Revisiting A Recluse Parsi Abstractionist: Naval Jijina’s Retrospective On View at Mumbai

Revisiting A Recluse Parsi Abstractionist: Naval Jijina’s Retrospective On View at Mumbai

In the discourse of modern Indian art history, the name of artist Naval Jijina is seldom recounted as those of his other famous contemporaries. A recluse Parsi abstractionist in Bombay, who in his ‘Aerial Views’ is not painting abstract landscapes atop of an aeroplane but rather his aerial visions arise from a play in colour, Naval Jijina is a painter, photographer and musician who interlays his interests in mythology, music and textile design through painting.

Landscape (2018)
Oil on canvas – 30 x 30 inches

In one of major retracing of Jijina’s artistic legacy, Art & Soul Gallery is hosting an exhibition titled ‘The Music Modern,’ which is the first viewing of a solo show by the artist Naval Jijina where he proposes a lifetime of works that intertwine painting colour with classical Indian music. The exhibition is a part of the ongoing Mumbai Gallery Weekend.

Born in Surat, Gujarat, in 1929, Jijina was an orphan boy who was trained to be a Parsi Priest. However, he joined the Sir JJ School of Arts, Bombay from 1956 to 1962 where he studied mural painting under Baburao Sadwelkar. Here under the influence of Shankar Palshikar, who built his legacy on painting the abstract devoid of an occidental consciousness and intertwined Paul Klee with the tenets of Indic Mythology and miniature painting, Jijina became a colour alchemist and started experimenting with color.

Like many other artists of his times, Jijina also challenged the colonial pedagogy and joined a select group of artists such as Syed Haider Raza, Vasudeo Gaitonde and other abstractionists from the Bombay School of arts in experimenting with colour.

In first solo exhibition, across the three galleries of the Jehangir Art Gallery in 1962 titled ‘Life of Zarathustra,’Jijana depicted the epics of Zoroastrianism with his figurative works.

“He saves his work from being conventional through uninhibited impasto. (Yes, even abstract art in this country has become conventional owing to an excess of the genre.),” Nissim Ezekiel wrote about the show in his August, 1975 in the Times of India.

With the support of the sponsors, the show travelled to Udwada, Navsari, Surat and Ahmedabad. The paintings in the exhibition then went on to be acquitted by the ‘Zoroastrian Society of London. In 2019 a painting on a Zoroastrian mythological tale the ‘Behram Yazad was commissioned and purchased by Dr. Pesi B Chacha and donated to the Parsi Community Hall in Singapore.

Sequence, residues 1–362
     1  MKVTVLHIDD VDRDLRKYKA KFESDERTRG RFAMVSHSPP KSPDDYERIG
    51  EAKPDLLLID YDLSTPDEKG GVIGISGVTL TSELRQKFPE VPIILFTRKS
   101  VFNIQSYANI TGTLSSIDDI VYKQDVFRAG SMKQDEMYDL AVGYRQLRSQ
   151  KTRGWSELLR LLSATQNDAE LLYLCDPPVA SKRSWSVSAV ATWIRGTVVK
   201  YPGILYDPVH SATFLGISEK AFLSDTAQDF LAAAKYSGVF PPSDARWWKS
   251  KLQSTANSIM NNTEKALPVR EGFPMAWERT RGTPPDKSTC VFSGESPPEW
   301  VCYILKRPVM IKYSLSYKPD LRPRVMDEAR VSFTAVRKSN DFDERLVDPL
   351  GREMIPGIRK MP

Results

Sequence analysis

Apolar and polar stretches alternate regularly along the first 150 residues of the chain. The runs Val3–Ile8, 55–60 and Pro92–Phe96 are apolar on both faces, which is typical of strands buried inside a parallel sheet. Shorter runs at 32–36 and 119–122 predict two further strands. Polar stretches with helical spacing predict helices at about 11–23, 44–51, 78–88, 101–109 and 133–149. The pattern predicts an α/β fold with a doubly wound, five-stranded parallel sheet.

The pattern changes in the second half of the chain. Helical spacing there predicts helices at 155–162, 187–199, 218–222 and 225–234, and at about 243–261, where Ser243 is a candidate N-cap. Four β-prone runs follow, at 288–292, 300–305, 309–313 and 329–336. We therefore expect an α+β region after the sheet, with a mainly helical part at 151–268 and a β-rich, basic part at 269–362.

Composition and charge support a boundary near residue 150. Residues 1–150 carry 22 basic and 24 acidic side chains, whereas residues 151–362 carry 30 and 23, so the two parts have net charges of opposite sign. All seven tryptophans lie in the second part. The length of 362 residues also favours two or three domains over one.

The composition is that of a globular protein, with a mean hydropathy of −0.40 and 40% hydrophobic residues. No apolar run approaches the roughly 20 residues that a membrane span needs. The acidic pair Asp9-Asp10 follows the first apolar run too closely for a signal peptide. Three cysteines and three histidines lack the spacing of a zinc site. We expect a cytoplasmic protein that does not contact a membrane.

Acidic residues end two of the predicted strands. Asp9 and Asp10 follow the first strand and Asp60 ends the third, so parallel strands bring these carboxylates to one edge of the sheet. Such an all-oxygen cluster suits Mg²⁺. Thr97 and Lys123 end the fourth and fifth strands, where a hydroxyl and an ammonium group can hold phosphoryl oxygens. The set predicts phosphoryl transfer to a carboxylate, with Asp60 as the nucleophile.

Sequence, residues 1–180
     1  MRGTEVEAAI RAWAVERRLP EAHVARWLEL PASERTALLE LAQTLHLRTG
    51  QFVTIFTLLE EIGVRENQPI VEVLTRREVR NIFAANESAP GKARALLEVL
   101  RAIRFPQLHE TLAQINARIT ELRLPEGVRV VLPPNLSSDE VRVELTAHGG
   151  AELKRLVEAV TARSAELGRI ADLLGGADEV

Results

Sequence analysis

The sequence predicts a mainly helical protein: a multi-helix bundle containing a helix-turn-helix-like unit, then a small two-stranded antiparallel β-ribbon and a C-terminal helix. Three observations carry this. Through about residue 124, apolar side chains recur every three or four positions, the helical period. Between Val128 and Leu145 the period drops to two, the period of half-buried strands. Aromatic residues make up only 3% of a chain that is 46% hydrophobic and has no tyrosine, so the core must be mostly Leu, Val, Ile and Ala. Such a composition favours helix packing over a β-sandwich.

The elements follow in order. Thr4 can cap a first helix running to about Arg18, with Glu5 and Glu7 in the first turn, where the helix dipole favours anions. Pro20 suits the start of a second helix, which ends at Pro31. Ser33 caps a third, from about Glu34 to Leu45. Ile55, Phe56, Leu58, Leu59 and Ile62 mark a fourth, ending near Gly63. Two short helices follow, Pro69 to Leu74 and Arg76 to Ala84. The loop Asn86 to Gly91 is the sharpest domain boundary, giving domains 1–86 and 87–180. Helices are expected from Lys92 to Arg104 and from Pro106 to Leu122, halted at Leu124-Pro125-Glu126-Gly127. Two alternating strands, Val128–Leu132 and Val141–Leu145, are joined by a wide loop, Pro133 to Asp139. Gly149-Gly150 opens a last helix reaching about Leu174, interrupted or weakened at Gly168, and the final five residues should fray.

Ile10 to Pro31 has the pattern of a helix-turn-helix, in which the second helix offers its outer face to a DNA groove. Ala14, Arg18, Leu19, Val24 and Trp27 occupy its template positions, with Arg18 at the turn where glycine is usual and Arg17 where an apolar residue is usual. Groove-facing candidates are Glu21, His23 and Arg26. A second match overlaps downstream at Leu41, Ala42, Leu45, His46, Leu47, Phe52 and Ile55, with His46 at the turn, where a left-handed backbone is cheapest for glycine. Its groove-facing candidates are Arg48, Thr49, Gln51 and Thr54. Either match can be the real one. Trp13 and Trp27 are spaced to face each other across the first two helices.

Image of the World (1966)
Oil on canvas – 36 x 18 inches

However, as a Parsi priest he started to be wary of his belief overlapping with his vocation and so quitting priesthood he began his experiments with painting abstractions that he called ‘Aerial Views’

‘Aerial Views’ abstracts that emerged in the 1960s from the JJ School based upon Shankar Palshikar’s discourse on Indian spirituality and Paul Klee also won Jijina won awards from the Bombay Art Society and the Artist Centre in 1968.

Jijina also established the ‘Everyman’s Gallery’ in 1968 under the patronship of Dr. Pestonji Behramji Warden on Princess Street to allow artists like him to find a free space for exhibitions.

Before joining Sir JJ School of Arts, Naval Jijana was a student at Nutan Kala Mandir. It is here, he came under the influence of Hindustani Classical Music and ended up passing his first-year exam in tabla playing.

Also an avid photographer, Jijina joined the Photographic Society of India under the influence of Rustomji Belihomji and merited in form of colour transparencies with photography.

Portrait of Gool Jijina (1970)
Oil on canvas – 24 x 24 inches

One of the biggest collaborators for Jijina in his artistic pursuit came to be his wife Gool Jijina. A part time artist herself, Gool painted similar portraits holding the same anatomical vigour that came from the Sir JJ School of Arts.

Works such as Gool’s portrait by Naval, Gool’s portrait of Naval and Gool’s auto-portrait are a reflection of the couple’s technical collaboration.

Keen to continue and retrace his paths to mythology, Jijina practices in Andheri Mumbai with much help, conversation and inspiration from his partner Gool Jijina.

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